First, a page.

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The Invention of Palestinian Citizenship, 1918-1947

Lauren Banko

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Explores the colonial, social and political history of the creation of citizenship in mandate Palestine

In the two decades after the First World War, nationality and citizenship in Palestine became less like abstract concepts for the Arab population and more like meaningful statuses integrated into political, social and civil life and as markers of civic identity in a changing society. This book situates the evolution of citizenship at the centre of state formation under the quasi-colonial mandate administration in Palestine. It emphasises the ways in which British officials crafted citizenship to be separate from nationality based on prior colonial legislation elsewhere, a view of the territory as divided communally, and the need to offer Jewish immigrants the easiest path to acquisition of Palestinian citizenship in order to uphold the mandate’s policy. In parallel, the book examines the reactions of the Arab population to their new status. It argues that the Arabs relied heavily on their pre-war experience as nationals of the Ottoman Empire to negotiate the definitions and meanings of mandate citizenship.

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Contents

Acknowledgements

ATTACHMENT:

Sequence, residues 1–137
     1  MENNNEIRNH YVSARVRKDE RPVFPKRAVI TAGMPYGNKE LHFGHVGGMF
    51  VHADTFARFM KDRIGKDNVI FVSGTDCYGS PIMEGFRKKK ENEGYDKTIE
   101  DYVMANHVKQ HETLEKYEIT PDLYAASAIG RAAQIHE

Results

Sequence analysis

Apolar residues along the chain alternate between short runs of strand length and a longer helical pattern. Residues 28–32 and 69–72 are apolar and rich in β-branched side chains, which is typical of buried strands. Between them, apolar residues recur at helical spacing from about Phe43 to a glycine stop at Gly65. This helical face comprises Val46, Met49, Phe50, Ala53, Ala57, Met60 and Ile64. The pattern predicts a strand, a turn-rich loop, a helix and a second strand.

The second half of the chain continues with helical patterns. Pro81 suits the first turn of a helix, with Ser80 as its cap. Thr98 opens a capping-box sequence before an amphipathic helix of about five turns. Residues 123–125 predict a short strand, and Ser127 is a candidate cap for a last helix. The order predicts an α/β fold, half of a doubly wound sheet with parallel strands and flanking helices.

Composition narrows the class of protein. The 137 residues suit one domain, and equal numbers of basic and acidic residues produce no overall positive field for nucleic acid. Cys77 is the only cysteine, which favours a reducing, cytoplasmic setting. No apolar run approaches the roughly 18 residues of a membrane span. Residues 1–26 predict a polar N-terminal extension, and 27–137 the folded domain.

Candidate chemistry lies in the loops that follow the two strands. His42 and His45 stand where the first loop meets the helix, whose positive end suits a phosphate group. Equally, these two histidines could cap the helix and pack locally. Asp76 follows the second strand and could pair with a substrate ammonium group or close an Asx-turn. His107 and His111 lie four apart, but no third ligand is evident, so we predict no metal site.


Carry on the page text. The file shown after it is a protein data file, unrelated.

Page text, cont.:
1. Introduction
2. Inventing the national and the citizen in Palestine: Great Britain, sovereignty, and the legislative context, 1918-1925
3. The notion of ‘rights’ and the practices of nationality from the Palestinian Arab perspective, 1918-1925
4. The diaspora and the meanings of Palestinian citizenship, 1925-1931
5. Institutionalizing citizenship: creating distinctions between Arab and Jewish Palestinian citizens, 1926-1934
6. Whose rights to citizenship? Expression and variations of Palestinian Mandate citizenship, 1926-1935
7. The Palestine Revolt and stalled citizenship
8. The end of the experiment: discourses on citizenship at the close of the Mandate
Notes
Bibliography.

About the Author

Lauren Banko is a Research Associate in Israel-Palestine Studies within the Arabic and Middle Eastern Studies department at the University of Manchester. She received her PhD in History in 2014 from the School of Oriental and African Studies (SOAS), University of London, and her MA in History from the University of Louisville. She has previously taught at SOAS and Royal Holloway, University of London.

Reviews

‘A fascinating account of the origins of citizenship in Palestine against a tumultuous background of a declining empire (Ottoman), a transforming empire (British) and an incipient state (Israel). It makes an original and major contribution to our understanding of post-imperial and post-colonial citizenship and sheds a significant light on periods of political and legal transition.’

- Engin Isin, Politics and International Studies (POLIS), The Open University

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